Divergent Paths: 2019 AFC Championship Game Preview

With a place in history on the line, two teams took two radically different journeys to get here.

When the Tennessee Titans visit the Kansas City Chiefs in the AFC Championship Game, it will be a clash of two diametrically different franchises in nearly every single way. But in some regards, they are keenly similar.

For the Chiefs, it is no surprise they find themselves on this stage once again. After losing a heartbreaker to the New England Patriots one year ago in the same venue, Arrowhead Stadium, they return to the proverbial scene of the crime to correct an injustice that was perpetrated on Chiefs Kingdom. Quarterback Patrick Mahomes continued his brilliant play from his MVP season last year, but lost two games due to a kneecap dislocation. But even with their shooting star convalescing, their offensive weapons took center stage. Statistically, they may not jump off the page, but no one questions the talent and skill of such Chief luminaries as TE Travis Kelce, WR's Tyreek Hill and Mecole Hardman, and RB's Damien Williams and LeSean McCoy. But despite the marquee value of the offense, the big questions entering 2019 surrounded the defense. Ending 2018, the D was 24th in the league in points allowed, 31st in yards surrendered, and the Achilles heel that snuffed out the Chiefs Super Bowl aspirations. In 2019, the defense has improved to 7th in points & 17th in yardage. With all the offensive star power and a rebuilt defense, Kansas City would post a 12-4 record, win the AFC West, and earn the 2 seed in the junior conference. And in their divisional playoff game last week, the Chiefs looked to be in dire straits after the Houston Texans scored three touchdowns virtually at will. But after a field goal to make the Chiefs deficit 24, Mahomes and the offense would take ten minutes in game time to recover, putting up the fourth biggest postseason comeback in NFL history. After taking the lead by the end of the first half, KC would continue to pour it on to ultimately defeat the Texans by 20. Your humble scribe cannot imagine anyone who does not think the Chiefs are ready for this game, at this moment.

The Titans, however, are about the last team anyone was anticipating to be playing for a Super Bowl berth, especially how the season started. Entering Week 6, the Titans were 2-3, trying to stay alive in the AFC South race, and playing a struggling Denver Broncos team. Tennessee would be humiliated 16-0, with the offense gaining all of 204 total yards while committing 3 turnovers. Head coach Mike Vrabel had seen enough. He opted to change quarterbacks, putting the starter Marcus Mariota on the bench and giving the ball to veteran backup Ryan Tannehill. Tannehill would lead the Titans to six wins in seven games to set up a Week 15 showdown against the Houston Texans essentially for the division crown. The Texans would be victorious on that day, but Tennessee would win the Week 17 rematch to pick up a wild card berth, landing the 6 seed, often the hardest path to the Lamar Hunt Trophy. The Titans would play the New England Patriots at Gillette Stadium, a very difficult place to play in January. But the Titans, fueled by running back Derrick Henry, would stun the football world by being the first team in a decade to beat the Patriots at home in the playoffs. Next up was the AFC's top team in the Baltimore Ravens, led by consensus NFL MVP pick in QB Lamar Jackson and their record setting run offense. The offensive player who made the headlines was Henry, whose 195 yards on 30 carries set the tone on that night in the Charmed City, as the Titans looked the part of a conference power and the Ravens played like the fringe postseason entrant as Tennessee dropped Baltimore 28-12 to play in their first AFC Championship Game since 2002.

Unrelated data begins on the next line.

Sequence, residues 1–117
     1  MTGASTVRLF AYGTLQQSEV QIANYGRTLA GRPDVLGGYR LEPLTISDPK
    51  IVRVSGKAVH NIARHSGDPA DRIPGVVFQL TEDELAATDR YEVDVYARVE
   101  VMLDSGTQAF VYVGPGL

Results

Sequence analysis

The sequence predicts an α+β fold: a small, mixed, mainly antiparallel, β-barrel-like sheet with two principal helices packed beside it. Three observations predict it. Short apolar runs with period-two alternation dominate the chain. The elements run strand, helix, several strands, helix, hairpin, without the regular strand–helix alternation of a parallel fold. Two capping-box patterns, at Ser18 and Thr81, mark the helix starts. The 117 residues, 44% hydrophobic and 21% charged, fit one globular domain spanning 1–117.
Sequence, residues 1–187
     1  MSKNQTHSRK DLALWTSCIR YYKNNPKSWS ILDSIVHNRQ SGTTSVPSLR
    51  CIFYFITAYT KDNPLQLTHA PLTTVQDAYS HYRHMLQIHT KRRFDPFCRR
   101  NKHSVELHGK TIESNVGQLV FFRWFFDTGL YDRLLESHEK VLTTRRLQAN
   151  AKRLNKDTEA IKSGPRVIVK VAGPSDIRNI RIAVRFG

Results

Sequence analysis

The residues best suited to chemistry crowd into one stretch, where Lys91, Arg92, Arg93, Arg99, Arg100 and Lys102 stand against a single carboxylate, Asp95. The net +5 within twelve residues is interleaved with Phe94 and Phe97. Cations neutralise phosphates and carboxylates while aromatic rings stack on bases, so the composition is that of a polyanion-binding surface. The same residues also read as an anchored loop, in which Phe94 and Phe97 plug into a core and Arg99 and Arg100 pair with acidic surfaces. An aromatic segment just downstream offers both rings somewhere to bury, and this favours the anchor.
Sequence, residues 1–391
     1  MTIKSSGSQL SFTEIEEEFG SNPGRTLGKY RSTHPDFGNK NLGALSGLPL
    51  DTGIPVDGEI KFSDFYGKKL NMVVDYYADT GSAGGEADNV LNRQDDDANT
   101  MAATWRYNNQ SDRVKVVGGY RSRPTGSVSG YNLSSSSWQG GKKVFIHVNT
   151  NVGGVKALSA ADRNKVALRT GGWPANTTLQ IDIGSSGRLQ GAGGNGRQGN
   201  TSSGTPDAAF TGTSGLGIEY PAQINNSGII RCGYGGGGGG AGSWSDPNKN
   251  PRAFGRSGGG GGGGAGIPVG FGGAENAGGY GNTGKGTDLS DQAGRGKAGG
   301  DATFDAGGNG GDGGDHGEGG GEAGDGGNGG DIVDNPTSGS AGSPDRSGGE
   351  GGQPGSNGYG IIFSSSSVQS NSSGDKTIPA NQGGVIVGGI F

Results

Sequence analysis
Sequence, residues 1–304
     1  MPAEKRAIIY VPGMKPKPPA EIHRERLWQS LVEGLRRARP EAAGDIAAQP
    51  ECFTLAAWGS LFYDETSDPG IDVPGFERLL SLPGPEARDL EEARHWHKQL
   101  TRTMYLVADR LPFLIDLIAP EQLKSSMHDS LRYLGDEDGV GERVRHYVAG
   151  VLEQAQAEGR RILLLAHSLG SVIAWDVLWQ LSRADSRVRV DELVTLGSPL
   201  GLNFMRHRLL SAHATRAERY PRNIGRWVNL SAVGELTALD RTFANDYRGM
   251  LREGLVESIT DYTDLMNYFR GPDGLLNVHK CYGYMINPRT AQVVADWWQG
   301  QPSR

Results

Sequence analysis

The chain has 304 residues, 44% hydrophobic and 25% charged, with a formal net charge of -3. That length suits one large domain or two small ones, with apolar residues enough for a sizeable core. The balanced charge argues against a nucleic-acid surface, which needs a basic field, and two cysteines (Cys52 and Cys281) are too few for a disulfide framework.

For those who believe the Volunteer State brigade doesn't stand a chance against the Chiefs, keep in mind that as Henry has been on a historic tear through this postseason, the Chiefs surrendered 4.9 yards per carry on run defense. Plus, the Titans were not supposed to be here. As a result, they're playing with everything to win and nothing to lose. Because of the strengths each team possesses, they could dovetail one another and make this game an instant classic. But regardless of who wins, one of them will reach the Super Bowl for the first time in the 21st century. It's just a matter of who can play best on that big national television stage.